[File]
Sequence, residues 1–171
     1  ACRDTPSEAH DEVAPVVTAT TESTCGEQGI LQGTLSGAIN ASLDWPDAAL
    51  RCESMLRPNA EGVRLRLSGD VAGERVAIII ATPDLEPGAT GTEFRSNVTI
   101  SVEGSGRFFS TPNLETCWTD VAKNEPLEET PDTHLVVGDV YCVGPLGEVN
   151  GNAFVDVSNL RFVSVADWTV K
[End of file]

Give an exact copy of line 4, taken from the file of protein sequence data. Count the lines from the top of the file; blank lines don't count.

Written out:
   101  SVEGSGRFFS TPNLETCWTD VAKNEPLEET PDTHLVVGDV YCVGPLGEVN